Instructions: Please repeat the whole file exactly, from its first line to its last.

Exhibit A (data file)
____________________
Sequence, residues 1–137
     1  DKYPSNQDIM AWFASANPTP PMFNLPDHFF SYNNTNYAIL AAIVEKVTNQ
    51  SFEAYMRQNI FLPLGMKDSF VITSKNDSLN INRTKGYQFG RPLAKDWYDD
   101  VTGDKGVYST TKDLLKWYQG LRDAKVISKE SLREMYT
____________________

Sequence, residues 1–137
     1  DKYPSNQDIM AWFASANPTP PMFNLPDHFF SYNNTNYAIL AAIVEKVTNQ
    51  SFEAYMRQNI FLPLGMKDSF VITSKNDSLN INRTKGYQFG RPLAKDWYDD
   101  VTGDKGVYST TKDLLKWYQG LRDAKVISKE SLREMYT